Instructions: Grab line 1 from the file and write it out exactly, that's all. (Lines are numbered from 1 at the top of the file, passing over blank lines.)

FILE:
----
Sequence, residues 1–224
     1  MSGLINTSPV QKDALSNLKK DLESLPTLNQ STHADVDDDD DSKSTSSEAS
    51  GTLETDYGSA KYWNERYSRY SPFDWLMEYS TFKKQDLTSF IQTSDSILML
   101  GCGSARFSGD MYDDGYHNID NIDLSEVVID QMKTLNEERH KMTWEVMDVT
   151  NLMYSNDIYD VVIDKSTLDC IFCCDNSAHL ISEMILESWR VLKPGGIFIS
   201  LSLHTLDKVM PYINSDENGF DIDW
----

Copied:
Sequence, residues 1–224